an increased expression caused by an SNP in the upstream
promoter region. Enhanced enzyme levels are thought to cause
faster substrate clearance, which has been associated with
treatment failures for clozapine in smokers with the *1F allele.
CYP1A2*1C is also an SNP in the upstream promoter region that
results in decreased enzyme expression and has a prevalence up
to 25% in Asian populations
CYP2C9
• CYP2C9 has at least 30 different allelic variants with the two most
common being CYP2C9*2 and *3. Both of these variants result in
reduced CYP2C9 activity and are carried by about 35% of the
Caucasian population.
• CYP2C9 helps in metabolism of warfarin, if is not appropriately
lowered, then there is an increased risk of bleeding.
• It also metabolises nonsteroidal anti-inflammatory drugs,
sulfonylureas, angiotensin II receptor antagonists, and
phenytoin(because of their high therapeutic indices (except
phenytoin), do not usually result in adverse effects)
CYP2C19
• The CYP2C19 PM phenotype results in a lack of efficacy for
the antiplatelet prodrug clopidogrel.
• For activation, clopidogrel requires a two-step metabolism by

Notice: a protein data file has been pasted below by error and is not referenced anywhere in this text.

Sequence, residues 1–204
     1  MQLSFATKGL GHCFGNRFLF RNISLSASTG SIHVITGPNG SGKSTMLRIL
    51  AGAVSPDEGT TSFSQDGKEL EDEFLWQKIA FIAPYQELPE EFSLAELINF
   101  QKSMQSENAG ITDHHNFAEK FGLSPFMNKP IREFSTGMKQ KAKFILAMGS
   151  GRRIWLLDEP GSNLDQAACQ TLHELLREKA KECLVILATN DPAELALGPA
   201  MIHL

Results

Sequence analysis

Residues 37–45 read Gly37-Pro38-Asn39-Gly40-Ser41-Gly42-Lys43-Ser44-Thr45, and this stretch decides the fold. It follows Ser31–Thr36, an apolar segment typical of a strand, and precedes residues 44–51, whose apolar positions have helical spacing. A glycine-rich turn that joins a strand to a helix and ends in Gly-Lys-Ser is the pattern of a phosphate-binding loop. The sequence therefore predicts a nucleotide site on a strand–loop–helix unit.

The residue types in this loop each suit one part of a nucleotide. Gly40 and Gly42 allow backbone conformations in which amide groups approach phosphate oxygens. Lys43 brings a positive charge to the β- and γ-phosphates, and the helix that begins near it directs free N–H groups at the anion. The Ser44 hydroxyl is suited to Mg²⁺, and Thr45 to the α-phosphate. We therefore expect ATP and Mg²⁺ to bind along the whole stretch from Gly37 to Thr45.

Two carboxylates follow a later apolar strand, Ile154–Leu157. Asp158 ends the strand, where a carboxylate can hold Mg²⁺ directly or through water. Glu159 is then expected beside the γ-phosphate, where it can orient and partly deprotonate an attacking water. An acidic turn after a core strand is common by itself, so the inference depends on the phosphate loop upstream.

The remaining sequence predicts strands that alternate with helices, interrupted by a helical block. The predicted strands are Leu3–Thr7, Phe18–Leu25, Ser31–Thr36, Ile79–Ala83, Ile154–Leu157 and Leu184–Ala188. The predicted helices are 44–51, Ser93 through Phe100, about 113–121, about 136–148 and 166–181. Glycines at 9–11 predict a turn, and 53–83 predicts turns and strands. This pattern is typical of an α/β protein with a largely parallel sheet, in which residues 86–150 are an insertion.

several different CYP450 with CYP2C19 being a significant
contributor.
CYP3A4
• CYP3A4 is the most abundant CYP450 in the liver and
metabolizes over 50% of the clinically used drugs.
• SNP that is found in about 2.7% of the Caucasian
population and has some decreased clearance for the
calcium channel blocker nifedipine but not for
testosterone 6β-hydroxylation.
Plasma pseudocholinesterase or serum
butyrylcholinesterase
• Patients with slowed metabolism of succinylcholine have
elevated blood levels, prolonged duration of action, and
prolonged apnea compared to patients with fully
functional pseudocholinesterase.
• Dihydropyrimidine dehydrogenase (DPD)
• Polymorphisms in DPD result in a loss of enzymatic activity
leading to the accumulation of the chemotherapeutic agent 5-
flourouracil (5-FU), which leads to significant toxicity including
leukopenia, thrombocytopenia, and stomatitis.